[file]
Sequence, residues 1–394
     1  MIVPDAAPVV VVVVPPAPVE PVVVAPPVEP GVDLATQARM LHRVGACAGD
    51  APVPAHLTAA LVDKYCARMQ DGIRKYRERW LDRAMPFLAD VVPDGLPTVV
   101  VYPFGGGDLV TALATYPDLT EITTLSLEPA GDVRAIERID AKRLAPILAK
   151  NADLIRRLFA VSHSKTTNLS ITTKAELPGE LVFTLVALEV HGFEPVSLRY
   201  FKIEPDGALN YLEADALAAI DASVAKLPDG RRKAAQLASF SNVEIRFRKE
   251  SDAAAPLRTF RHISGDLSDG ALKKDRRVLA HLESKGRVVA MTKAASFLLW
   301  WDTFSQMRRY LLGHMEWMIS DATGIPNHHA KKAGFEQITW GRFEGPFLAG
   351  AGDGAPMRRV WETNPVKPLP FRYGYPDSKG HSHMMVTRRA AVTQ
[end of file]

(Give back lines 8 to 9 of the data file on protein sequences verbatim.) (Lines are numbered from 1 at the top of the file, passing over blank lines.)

   301  WDTFSQMRRY LLGHMEWMIS DATGIPNHHA KKAGFEQITW GRFEGPFLAG
   351  AGDGAPMRRV WETNPVKPLP FRYGYPDSKG HSHMMVTRRA AVTQ